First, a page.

Mourning Doves Offer Early-Season Action

mourning dove

The mourning dove season is the first fall bird-hunting season to open in many states, offering hunters a great opportunity to get out in the field and sharpen their skills.

Although mourning dove hunting is extremely popular in some southern states, it has only recently gained momentum in northern states, which have added seasons in recent years. Those who have tried mourning dove hunting know it provides some exceptional early-season action, thanks to abundant populations and a challenging hunt.

Mourning doves are among the first migratory game birds to begin the journey south each fall. This means they are usually moving in September and can be found congregated in farmlands, prairies and other open spaces.

Since their populations are healthy throughout much of their range, it is fairly easy to locate mourning doves. Usually they are found along or near the ground in fields, where they feed on seeds and grains. They especially like recently harvested fields. In addition to focusing on food sources, hunters can also look for mourning doves near open shorelines of agricultural ponds, the tree lines near fields or open gravel areas.

Another good tactic for locating mourning doves is to watch for them on power lines. They will usually congregate there as they survey a possible feeding area.

The mourning dove’s most active times of day are during the morning and evening. This is when they are moving between their roosting and feeding areas.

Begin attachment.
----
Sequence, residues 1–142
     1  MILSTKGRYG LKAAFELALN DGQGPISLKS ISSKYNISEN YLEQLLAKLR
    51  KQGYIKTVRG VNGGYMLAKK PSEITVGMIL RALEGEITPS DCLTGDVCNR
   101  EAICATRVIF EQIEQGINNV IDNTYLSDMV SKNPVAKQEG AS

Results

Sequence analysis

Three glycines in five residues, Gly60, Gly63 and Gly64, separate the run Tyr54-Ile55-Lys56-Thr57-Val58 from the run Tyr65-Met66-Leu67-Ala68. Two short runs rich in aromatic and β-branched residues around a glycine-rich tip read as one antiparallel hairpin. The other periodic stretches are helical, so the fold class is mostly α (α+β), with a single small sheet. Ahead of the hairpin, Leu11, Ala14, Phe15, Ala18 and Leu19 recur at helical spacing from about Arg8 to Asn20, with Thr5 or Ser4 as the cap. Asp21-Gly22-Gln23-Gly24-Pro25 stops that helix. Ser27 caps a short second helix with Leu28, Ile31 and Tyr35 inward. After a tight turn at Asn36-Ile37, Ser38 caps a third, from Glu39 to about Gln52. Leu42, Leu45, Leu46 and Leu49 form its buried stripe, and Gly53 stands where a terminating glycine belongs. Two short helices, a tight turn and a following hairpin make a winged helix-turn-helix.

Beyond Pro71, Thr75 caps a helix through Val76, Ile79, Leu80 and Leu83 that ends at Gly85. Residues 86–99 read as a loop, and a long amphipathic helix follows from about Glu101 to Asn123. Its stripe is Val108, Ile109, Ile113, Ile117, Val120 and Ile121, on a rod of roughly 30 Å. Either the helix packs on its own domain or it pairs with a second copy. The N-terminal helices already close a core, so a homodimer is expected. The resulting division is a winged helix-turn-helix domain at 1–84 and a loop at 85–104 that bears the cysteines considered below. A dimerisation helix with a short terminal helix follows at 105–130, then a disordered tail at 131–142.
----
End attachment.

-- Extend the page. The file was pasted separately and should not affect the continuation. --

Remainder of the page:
A dog is a great resource when mourning dove hunting. This early-season hunt also provides a good opportunity for dogs to get out in the field and practice their skills in preparation for the pheasant season.

Anyone who has seen mourning doves in residential areas, where they become quite used to human activity, might think they would not provide much a challenge when hunting, but this is not true at all. In the field, they are much more wary of predators. They have excellent eyesight, and when startled, mourning doves fly quickly and move in erratic patterns, which can make them tough to hit.

The best gun choices for mourning doves are 12 or 20 gauge shotguns. The vast majority of shooting will take place at relatively short distances, so an open or moderate choke will work best.

Some states allow baiting for mourning doves, but in others, it is illegal, so check your state regulations. Another good tactic is for attracting mourning doves is to use decoys to draw them in.